Mount Sinai Researchers Receive Major NIH Award for Autism Genetics Research
$7million grant extends Autism Sequencing Consortium through 2022 to collect genetic data of more than 50,000 individuals
Researchers from the Icahn School of Medicine at Mount Sinai, The Broad Institute of MIT and Harvard, University of Pittsburgh School of Medicine, University of California-San Francisco, and Carnegie Mellon University have been awarded $7million from the National Institute of Mental Health to extend the work of the Autism Sequencing Consortium (ASC), an international research consortium established by these institutions in 2010 to collect and share samples and genetic data from individuals diagnosed with autism spectrum disorder (ASD).
The ASC was founded by Joseph D. Buxbaum, PhD, the G. Harold and Leila Y. Mathers Research Professor of Psychiatry, Neuroscience, and Genetics and Genomic Science at the Icahn School of Medicine at Mount Sinai and Director of The Seaver Autism Center for Research and Treatment at Mount Sinai. Launched with the initial support of the Beatrice and Samuel A. Seaver Foundation, the ASC aims to bring together investigators to share samples, data, and ideas without first publishing them in medical journals. No single lab has enough data to identify obscure genetic patterns that are scattered across thousands of genes, so this data-sharing collaboration is intended to make such research possible, thereby accelerating discovery.
In 2013, the National Institutes of Mental Health awarded $2.25 million to the ASC to expand the project to include data from more than 20,000 individuals over three years. The Consortium now includes more than 40 international groups and over 150 researchers, who have generated gene sequencing data from 29,000 individuals, making it the largest sequencing study to date in autism, and even in psychiatry. All shared data and analysis is hosted at Mount Sinai on a supercomputer called Minerva designed by Mount Sinai faculty, which enables joint analysis of large-scale data from many groups.
The new grant will extend the project through 2022 and expand the sample to include more than 50,000 individuals.
“Historically, the number of risk genes found has steadily increased with the number of patients studied, so it’s important that we continue to add patients to the data set,” says Dr. Buxbaum. “We are thrilled to receive this grant, which will enable our unique, collaborative research consortium to continue the work that is accelerating such important discovery.”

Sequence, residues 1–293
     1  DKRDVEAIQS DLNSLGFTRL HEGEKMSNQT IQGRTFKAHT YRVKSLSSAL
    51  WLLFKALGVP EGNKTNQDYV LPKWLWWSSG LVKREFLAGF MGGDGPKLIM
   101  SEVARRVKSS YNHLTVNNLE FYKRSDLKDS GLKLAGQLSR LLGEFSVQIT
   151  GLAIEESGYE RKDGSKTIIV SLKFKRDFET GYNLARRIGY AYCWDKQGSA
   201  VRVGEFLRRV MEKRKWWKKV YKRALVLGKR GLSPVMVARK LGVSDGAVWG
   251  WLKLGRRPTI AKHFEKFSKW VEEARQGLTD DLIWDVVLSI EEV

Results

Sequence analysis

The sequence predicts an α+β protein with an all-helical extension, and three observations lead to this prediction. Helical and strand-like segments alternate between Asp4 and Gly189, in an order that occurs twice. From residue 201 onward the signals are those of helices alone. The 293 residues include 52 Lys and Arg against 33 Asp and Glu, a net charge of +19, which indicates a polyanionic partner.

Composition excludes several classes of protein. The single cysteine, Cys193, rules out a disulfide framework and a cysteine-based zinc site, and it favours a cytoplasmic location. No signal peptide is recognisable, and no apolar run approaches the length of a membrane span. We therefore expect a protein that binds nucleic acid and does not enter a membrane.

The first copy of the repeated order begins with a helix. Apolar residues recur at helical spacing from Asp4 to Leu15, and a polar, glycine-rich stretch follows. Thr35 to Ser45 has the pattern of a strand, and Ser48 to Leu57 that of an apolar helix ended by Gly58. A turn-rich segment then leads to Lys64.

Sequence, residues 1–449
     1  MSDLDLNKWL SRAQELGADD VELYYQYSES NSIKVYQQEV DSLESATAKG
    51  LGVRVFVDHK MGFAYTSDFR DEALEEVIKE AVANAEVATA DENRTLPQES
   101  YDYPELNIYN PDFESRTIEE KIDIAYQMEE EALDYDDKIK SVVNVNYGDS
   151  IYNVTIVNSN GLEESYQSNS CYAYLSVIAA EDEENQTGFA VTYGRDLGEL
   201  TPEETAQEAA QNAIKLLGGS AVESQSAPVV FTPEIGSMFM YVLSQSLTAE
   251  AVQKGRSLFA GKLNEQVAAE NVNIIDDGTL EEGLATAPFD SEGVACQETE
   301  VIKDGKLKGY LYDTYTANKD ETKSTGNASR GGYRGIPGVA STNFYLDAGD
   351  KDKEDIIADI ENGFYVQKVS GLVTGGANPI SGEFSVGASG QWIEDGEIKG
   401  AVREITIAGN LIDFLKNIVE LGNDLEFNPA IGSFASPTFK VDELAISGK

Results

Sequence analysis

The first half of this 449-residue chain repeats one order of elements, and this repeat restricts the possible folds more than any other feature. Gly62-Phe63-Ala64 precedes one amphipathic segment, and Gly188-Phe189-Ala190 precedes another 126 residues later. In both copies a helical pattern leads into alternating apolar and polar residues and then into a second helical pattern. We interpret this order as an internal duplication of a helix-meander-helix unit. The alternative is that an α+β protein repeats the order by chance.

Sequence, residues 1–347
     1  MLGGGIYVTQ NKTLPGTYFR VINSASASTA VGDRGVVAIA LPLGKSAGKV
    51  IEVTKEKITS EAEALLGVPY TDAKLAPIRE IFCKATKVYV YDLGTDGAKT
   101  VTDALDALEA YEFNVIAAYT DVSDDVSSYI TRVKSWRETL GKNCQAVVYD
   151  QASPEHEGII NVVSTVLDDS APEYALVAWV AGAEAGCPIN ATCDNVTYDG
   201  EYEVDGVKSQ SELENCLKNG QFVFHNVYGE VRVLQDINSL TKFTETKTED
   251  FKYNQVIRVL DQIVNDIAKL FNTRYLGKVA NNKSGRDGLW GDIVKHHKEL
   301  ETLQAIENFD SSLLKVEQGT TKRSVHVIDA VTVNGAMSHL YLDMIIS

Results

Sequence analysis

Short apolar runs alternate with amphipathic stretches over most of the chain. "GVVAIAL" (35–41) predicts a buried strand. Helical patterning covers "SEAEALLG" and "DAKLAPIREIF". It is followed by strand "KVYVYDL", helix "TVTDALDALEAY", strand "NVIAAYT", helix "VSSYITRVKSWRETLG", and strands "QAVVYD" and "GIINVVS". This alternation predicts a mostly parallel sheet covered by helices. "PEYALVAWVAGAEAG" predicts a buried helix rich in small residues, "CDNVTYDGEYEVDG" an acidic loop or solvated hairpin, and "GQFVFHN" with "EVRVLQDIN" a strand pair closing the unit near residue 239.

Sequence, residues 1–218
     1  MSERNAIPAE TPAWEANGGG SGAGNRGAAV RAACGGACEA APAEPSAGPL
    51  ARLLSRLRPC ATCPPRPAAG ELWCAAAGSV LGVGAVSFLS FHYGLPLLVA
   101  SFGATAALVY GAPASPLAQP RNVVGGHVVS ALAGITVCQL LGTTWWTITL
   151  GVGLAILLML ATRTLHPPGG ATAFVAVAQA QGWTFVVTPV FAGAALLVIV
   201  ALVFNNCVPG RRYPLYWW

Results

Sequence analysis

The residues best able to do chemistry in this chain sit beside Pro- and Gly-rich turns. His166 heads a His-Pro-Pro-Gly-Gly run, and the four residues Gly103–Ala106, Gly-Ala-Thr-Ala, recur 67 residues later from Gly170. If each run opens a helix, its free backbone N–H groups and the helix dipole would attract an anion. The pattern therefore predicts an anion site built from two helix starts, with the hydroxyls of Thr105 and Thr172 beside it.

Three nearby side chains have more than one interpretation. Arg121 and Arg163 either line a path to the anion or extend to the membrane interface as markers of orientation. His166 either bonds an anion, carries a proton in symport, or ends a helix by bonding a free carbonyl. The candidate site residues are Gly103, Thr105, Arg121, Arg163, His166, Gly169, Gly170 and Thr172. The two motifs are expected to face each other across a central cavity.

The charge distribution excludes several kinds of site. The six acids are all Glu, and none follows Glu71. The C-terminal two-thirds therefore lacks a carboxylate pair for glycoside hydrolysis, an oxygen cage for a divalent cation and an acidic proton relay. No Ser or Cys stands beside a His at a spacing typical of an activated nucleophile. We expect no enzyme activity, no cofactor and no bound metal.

About the Seaver Autism Center for Research and Treatment at Mount Sinai
The Seaver Autism Center for Research and Treatment at Mount Sinai conducts progressive research studies aimed at understanding the multiple causes of ASD. The multidisciplinary team is composed of experts in the fields of genetics, molecular biology, model systems, neuroimaging, biomarkers, diagnosis, and experimental therapeutics who are dedicated to discovering the biological causes of ASD. The Center strives to develop innovative diagnostics and treatments for integration into the provision of personalized, comprehensive assessment and care for people with ASD. The Seaver Autism Center was founded through the generous support of the Beatrice and Samuel A. Seaver Foundation. For more information, visit www.seaverautismcenter.org.
About the Mount Sinai Health System
Mount Sinai Health System is one of the largest academic medical systems in the New York metro area, with more than 43,000 employees working across eight hospitals, over 400 outpatient practices, nearly 300 labs, a school of nursing, and a leading school of medicine and graduate education. Mount Sinai advances health for all people, everywhere, by taking on the most complex health care challenges of our time — discovering and applying new scientific learning and knowledge; developing safer, more effective treatments; educating the next generation of medical leaders and innovators; and supporting local communities by delivering high-quality care to all who need it.
Through the integration of its hospitals, labs, and schools, Mount Sinai offers comprehensive health care solutions from birth through geriatrics, leveraging innovative approaches such as artificial intelligence and informatics while keeping patients’ medical and emotional needs at the center of all treatment. The Health System includes approximately 7,300 primary and specialty care physicians; 13 joint-venture outpatient surgery centers throughout the five boroughs of New York City, Westchester, Long Island, and Florida; and more than 30 affiliated community health centers. We are consistently ranked by U.S. News & World Report's Best Hospitals, receiving high "Honor Roll" status, and are highly ranked: No. 1 in Geriatrics and top 20 in Cardiology/Heart Surgery, Diabetes/Endocrinology, Gastroenterology/GI Surgery, Neurology/Neurosurgery, Orthopedics, Pulmonology/Lung Surgery, Rehabilitation, and Urology. New York Eye and Ear Infirmary of Mount Sinai is ranked No. 12 in Ophthalmology. U.S. News & World Report’s “Best Children’s Hospitals” ranks Mount Sinai Kravis Children's Hospital among the country’s best in several pediatric specialties. The Icahn School of Medicine at Mount Sinai is one of three medical schools that have earned distinction by multiple indicators: It is consistently ranked in the top 20 by U.S. News & World Report's "Best Medical Schools," aligned with a U.S. News & World Report "Honor Roll" Hospital, and top 20 in the nation for National Institutes of Health funding and top 5 in the nation for numerous basic and clinical research areas. Newsweek’s “The World’s Best Smart Hospitals” ranks The Mount Sinai Hospital as No. 1 in New York and in the top five globally, and Mount Sinai Morningside in the top 20 globally.